This feminist character study is centered on the professional relationship between a successful international actress (Maria Enders) and her personal assistant (Val). While in transit to Sils Maria, where Maria Enders is to accept an award on behalf of the director who made her famous twenty years ago in a play called "Maloja Snake," they receive the news that the director has just died. Now, Maria Enders is asked to be cast in the revival of the play. In the original production she was Sigrid, young woman who drove her boss Helena to suicide. In the revival, Maria Enders will play Helena. This is what drives the narrative, which flow like the "snake," which is a cloud formation that creeps over the valley of Sils Maria on certain occasions. The hesitation of Maria to do the revival, the rehearsals that somehow mirror the relationship between Maria and Val, and Maria's disdain over (or identifying with) the young but controversial Hollywood starlet who will play Sigrid are driving forces of the flow of the narrative.

The movie is charged with strong performances. While Juliette Binoche as Maria Enders has always been reliable to tackle complex and layered character, Kristen Stewart as Val is surprisingly good.

Some may find this movie talky. In my opinion, this may be the technique used (i.e., effective writing) to get a closer look at the characters and their back stories. It worked for me.

Rating: 4.0/4.0

Date seen: October 8, 2015

Sunday, October 4, 2015

Movie No. 54 (2015): MOMMY

Mommy (2014)
Director: Xavier Dolan
Cast: Anne Dorval, Suzanne Clement, Antoine Olivier Pilon
In French, with English subtitles

"Mommy" is an interesting story about a never-say-die widow, whose nickname is Die, and her teenage son (Steve) who has ADHD. The mother-and-son relationship is semi-turbulent, but they always mend occasional bouts of heated verbal exchanges, because they love each other. Then a neighbor enters the picture during one incident. In no time, the neighbor becomes part of their system, who becomes the equalizer. Together, the three forge an interesting relationship. 

This character study will surely linger. I like the way it depicts ADHD as a cry for help and not much as a behavioral disorder. It's mother's love and random kindness of stranger that are under scrutiny in a world where people are indifferent. 

I was quite bothered by the films aspect ratio: it's square, probably 1:1. Then, at a little more than an hour of running time, Steve ceremoniously makes it wider via a cinematic gesture of opening a curtain to reveal a wider stage during a scene where the three are having real fun, oblivious of the world. Then the aspect ratio would occasionally shift from 1:1 to full screen and back depending on the mood that the narrative wished to portray. Impressive.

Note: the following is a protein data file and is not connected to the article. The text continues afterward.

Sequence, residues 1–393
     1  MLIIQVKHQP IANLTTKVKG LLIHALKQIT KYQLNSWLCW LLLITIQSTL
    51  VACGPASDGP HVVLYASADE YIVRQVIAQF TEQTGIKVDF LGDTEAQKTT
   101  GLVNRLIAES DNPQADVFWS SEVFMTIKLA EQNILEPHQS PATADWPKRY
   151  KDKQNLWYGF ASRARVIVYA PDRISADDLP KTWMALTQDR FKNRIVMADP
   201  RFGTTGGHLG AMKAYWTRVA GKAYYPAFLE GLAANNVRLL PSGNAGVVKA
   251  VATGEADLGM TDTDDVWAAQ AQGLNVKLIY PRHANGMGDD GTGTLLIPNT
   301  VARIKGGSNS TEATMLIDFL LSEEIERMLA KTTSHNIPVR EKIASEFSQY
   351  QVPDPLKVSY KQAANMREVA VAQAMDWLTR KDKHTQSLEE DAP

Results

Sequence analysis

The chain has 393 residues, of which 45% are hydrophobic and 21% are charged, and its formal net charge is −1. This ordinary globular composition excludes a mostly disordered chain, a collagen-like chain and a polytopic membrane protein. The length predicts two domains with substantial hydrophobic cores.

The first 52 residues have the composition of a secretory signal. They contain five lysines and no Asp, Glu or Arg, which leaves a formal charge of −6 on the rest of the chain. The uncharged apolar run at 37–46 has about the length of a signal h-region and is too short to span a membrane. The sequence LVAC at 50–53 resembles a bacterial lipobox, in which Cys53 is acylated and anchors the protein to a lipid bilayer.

Rating: 4.0/4.0

Date seen: October 4, 2015

Friday, October 2, 2015

Movie No. 53 (2015): EAT DRINK MAN WOMAN

Eat Drink Man Woman (1994)
Director: Ang Lee
Cast: Si-Hung Lung, Kuei-Mei Yang, Sylvia Chang, Chien-Lien Wu, Yu-Wen Wang
In Chinese/Mandarin, with English subtitles

Mr. Chu, a widower, is Taipei's best chef. But, due to his age, he's starting to 'lose his taste buds.' He has three grown-up daughters, all living in his house. The eldest, who is practically an old maid, is a chemistry teacher, a Christian, and is cynical about men after a failed relationship in the past. Daughter number two is a successful airline executive who has fixation on maintaining amorous relationships with men who can't commit. The youngest is a promiscuous college students who gets pregnant. 

Mr. Shu never fails to cook for Sunday dinner where everyone is required to be present. They don't talk much; food is their way to communicate. But important announcements always occur during Sunday dinner. It's in this way we get to know them. It's in this way they get to know the goings-on to each family member. I don't want to detail every event and scene, but all I have to say is that the movie cleverly and effectively used food and the dining table both as a common ground and battle ground. There's one funny scene in one of the dining gathering that makes the movie have a sharp turn leading to unexpected conclusion. 

The movie was the second movie by Ang Lee that got nominated for Best Foreign Language Film at the Oscars. During the preceding year, The Wedding Banquet was nominated, too. His third movie to be nominated was Crouching Tiger, Hidden Dragon, which eventually won the award in 2000.

Rating: 4.0/4.0

Date seen: October 2, 2015